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10 photos that perfectly describe Amsterdam

Amsterdam is famous for many things, canals, Coffee Shops, bikes, and of course it’s Red Light District. But this city has many cultural and historical layers that make it the amazing place it is today. If you ask anybody who has visited Amsterdam how they best describe it, you would get a different answer every single time. Here are some of my favourite pictures I took whilst in Amsterdam that I think best describe Amsterdam for those that haven’t had the pleasure to visit just yet…

1) Iamsterdam Sign

Iamsterdam SignLocated at the back of the Rijksmuseum, the large Iamsterdam slogan quickly became a city icon and a much sought-after photo opportunity for tourists. It’s meant to serve not only as part of the city’s promotional activities, but also to convey the city’s hugely diverse population. The sign is meant to convey Amsterdam’s inclusiveness: everyone should be able to say, “I Am Amsterdam” and be proud. Don’t bother queuing when you approach it, just dive in when there is even a hint of some space as the sign is a free for all in Amsterdam! It’s marketing genius if you ask me.

2) Bikes

Bikes and Town Houses Amsterdam

This is not a stereotype, the Amsterdammers love their bikes. Forget looking either way when you cross the road for cars, it’s the bikes you’re more in danger of being run over by! The city authority claims there are around 600,000 bikes in the city alone. Cycling is key to the city’s character and with 248 miles of cycle paths it’s the best way to get around the city besides the terrific tram links.

3) Clogs and Tulips*

Clogs and Tulips Amsterdam

You won’t see anyone actually wearing clogs in Amsterdam but they’re still a big part of the country’s heritage and culture. Clogs (or klompen) are still worn in rural parts of the country, especially in agriculture as they’re great for walking on muddy ground and can easily be removed. They also had dual uses as once the clogs had worn down they were used as fire wood. The first clogs appeared at least 850 years ago and the oldest wooden shoe known was found in the Nieuwendijk in Amsterdam dated around 1230. About six million souvenir clogs are produced in the Netherlands each year and you’ll no doubt be one of them when you go visit!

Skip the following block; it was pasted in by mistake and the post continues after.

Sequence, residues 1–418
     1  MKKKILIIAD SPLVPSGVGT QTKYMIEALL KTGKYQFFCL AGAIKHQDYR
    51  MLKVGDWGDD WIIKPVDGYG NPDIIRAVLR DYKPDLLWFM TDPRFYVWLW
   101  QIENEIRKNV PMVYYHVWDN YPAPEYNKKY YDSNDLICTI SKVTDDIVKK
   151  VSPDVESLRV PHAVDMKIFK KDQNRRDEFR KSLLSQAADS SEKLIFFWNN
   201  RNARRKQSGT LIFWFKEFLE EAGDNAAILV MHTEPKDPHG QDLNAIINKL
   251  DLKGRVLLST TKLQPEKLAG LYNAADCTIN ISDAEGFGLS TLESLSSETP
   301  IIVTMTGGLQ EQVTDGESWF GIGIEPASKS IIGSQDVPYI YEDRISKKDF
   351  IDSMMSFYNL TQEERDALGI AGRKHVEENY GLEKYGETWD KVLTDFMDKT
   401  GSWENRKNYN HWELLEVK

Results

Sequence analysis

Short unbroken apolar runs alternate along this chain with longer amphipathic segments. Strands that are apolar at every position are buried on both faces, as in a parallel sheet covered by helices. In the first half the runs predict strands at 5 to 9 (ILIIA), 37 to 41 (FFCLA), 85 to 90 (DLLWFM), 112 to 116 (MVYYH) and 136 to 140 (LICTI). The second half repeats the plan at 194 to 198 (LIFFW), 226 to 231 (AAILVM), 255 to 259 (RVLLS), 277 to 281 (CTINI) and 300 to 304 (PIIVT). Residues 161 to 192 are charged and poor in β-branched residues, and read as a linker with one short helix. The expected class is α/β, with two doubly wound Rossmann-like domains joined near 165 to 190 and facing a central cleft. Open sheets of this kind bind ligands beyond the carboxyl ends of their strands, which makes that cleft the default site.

Although Amsterdam is well known for tulips, they’re actually indigenous to Turkey, Iran, Pakistan, Afghanistan and other parts of central Asia. They were originally brought to Amsterdam in 1593 and tulip mania subsequently followed! Today over four billion tulip bulbs are planted each year and continue to be popular, there’s even a whole museum in Amsterdam dedicated to them (which is a bit cheesy but actually quite good!).

*please pardon my typical tourist moment here outside a gift shop!

4) Amsterdam’s maritime history

Ship Model Amsterdam

Amsterdam has a deep rooted maritime history. The origins of the city lie in the 12th century, when fishermen living along the banks of the River Amstel built a bridge across the waterway. The mouth of the river Amstel, where the Damrak is now (running between Amsterdam Centraal in the North and Dam Square in the South), formed a natural harbour, which became important for trading exchange. Out of the marshlands and swamps surrounding the Amstel River, a structure of dams and dikes were forged, the first of which is marked by Dam Square in the heart of the city today. If you have time check out Amsterdam’s Maritime Museum for more info on the history.

5) Canal Houses

Town Houses Amsterdam

Amsterdam has the most beautiful canal houses in the world, they’re so iconic. Because of the fast trades in Amsterdam, emerging merchants, artists and political classes who wanted to show off their new wealth made their homes along the canals. Due to space restrictions as the city grew during the 1600s, a policy of taxing buildings by the width of the front of the houses came in. Residents in Amsterdam got round this by building their houses tall and slim at the front and extending their houses at the back which is what makes them so unique.